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Title:Christian mind and worldly matters: religion and materiality in the nineteenth-century Gold Coast
Author:Meyer, BirgitISNI
Book title:Modernity on a shoestring: dimensions of globalization, consumption and development in Africa and beyond
Editors:Fardon, Richard
Binsbergen, Wim van
Dijk, Rijk van
City of publisher:Leiden
Geographic term:Ghana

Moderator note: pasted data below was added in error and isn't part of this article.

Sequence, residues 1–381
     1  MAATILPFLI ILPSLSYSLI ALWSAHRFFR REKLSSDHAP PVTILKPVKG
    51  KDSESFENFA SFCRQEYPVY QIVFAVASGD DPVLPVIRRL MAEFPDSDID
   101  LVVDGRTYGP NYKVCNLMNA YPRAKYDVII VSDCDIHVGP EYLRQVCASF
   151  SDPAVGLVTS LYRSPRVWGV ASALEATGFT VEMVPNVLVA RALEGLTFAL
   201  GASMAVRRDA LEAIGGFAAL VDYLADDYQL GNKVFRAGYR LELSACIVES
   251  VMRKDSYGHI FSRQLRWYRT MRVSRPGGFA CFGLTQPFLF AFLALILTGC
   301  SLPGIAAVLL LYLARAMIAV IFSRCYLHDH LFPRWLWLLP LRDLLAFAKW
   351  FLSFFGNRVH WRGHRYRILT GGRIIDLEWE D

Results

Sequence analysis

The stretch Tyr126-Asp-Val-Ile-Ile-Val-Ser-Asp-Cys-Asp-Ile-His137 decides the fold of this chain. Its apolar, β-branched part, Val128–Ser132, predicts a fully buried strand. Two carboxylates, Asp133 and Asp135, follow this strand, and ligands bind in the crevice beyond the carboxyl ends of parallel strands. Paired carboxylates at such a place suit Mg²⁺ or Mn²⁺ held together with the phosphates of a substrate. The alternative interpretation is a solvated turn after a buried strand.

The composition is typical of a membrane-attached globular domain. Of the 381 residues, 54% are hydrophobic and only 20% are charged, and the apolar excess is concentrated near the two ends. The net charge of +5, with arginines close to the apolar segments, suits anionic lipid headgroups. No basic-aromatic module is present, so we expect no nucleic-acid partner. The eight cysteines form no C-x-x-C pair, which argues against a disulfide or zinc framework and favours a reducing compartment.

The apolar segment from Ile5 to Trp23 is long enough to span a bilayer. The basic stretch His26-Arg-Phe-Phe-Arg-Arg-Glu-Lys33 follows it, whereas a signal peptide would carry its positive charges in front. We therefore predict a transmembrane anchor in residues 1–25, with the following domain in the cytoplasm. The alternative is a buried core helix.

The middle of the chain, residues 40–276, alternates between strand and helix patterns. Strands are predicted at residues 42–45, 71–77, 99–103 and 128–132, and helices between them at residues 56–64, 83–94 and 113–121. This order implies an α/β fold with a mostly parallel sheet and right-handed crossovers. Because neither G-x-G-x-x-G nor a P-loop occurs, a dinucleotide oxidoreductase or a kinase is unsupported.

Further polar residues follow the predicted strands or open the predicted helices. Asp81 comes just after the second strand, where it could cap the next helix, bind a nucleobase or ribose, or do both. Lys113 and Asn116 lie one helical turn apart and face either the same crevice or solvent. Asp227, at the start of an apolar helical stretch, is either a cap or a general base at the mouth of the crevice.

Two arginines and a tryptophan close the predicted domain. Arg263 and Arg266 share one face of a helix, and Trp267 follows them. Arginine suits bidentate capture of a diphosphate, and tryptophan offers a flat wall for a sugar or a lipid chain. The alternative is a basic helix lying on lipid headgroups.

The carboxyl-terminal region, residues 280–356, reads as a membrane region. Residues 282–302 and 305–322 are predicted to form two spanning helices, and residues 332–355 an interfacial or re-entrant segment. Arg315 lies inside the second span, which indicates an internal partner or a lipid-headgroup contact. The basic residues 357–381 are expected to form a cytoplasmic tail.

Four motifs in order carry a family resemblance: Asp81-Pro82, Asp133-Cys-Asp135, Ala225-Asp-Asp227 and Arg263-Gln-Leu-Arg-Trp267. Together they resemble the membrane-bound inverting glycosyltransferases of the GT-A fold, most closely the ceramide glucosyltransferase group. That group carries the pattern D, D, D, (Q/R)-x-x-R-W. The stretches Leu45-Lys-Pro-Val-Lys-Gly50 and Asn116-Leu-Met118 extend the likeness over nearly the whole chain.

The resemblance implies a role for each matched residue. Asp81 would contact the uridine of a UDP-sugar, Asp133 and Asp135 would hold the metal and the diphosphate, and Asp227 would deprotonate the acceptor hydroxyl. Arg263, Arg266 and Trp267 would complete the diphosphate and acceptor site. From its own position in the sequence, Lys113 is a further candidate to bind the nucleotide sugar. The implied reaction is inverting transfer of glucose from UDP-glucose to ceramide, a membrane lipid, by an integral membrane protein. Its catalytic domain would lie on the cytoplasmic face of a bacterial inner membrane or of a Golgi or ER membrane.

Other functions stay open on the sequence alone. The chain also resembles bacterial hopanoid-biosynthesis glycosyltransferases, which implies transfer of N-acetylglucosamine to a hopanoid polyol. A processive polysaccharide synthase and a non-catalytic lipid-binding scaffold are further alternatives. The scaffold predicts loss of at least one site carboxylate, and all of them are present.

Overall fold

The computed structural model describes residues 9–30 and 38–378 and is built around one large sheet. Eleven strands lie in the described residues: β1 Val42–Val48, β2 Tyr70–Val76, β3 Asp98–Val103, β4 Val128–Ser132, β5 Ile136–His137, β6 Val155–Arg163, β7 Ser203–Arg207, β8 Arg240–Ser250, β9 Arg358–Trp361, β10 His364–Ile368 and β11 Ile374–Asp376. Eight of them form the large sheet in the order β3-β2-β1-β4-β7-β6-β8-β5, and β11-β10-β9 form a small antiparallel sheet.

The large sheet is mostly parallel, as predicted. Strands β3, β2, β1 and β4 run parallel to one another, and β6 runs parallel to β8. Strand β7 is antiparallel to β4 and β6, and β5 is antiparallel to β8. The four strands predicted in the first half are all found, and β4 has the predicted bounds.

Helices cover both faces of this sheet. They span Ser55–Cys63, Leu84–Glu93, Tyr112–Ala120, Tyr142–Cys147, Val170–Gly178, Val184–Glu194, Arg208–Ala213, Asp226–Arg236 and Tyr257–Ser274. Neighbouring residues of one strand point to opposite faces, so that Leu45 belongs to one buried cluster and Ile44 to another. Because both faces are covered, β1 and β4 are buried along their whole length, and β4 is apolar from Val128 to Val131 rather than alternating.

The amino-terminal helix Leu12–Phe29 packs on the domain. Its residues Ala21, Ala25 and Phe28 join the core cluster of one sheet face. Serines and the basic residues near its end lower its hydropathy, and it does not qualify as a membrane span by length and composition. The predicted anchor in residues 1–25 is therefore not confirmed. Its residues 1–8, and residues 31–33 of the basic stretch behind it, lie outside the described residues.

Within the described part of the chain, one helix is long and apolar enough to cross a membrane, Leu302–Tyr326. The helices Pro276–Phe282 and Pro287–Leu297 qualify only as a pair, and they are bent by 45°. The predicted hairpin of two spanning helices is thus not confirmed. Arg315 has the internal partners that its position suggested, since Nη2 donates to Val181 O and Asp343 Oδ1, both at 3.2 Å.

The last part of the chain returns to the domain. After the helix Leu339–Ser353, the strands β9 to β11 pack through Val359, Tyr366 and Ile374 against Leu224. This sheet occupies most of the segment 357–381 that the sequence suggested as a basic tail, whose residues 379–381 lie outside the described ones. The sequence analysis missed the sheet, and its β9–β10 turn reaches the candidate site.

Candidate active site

Abstract:The 19th-century encounter between missionaries of the German Pietist Norddeutsche Missionsgesellschaft and the Ewe in what is now southeastern Ghana and southern Togo serves as a case study of Protestant mission's actual and alleged attitudes towards materiality under the conditions of colonialism, and of tensions arising between missionaries and African converts about missionary materializations in general and consumption in particular. It appears that ever since the spread of Christianity in Ghana, the material aspects of the mission have been a very important and, at the same time, highly problematic field. So-called worldly matters mattered much more than Protestant missionary rhetorics were prepared to acknowledge. 'Civilization' and 'salvation' actually went hand in hand, and missions played a crucial role not only in the 'development' of the colony, but also in the making of modern consumers. Missionary materializations were vital for the construction of Christian identity, although their importance was denied at the level of ideology. The Ewe converts, for whom consumption was not merely a means to satisfy basic needs but a vehicle for the construction of a new and 'civilized' identity, did not adopt the mission's paradoxical stance that Christians both make use of European goods and keep a critical distance towards them at the same time. Bibliogr., notes, ref.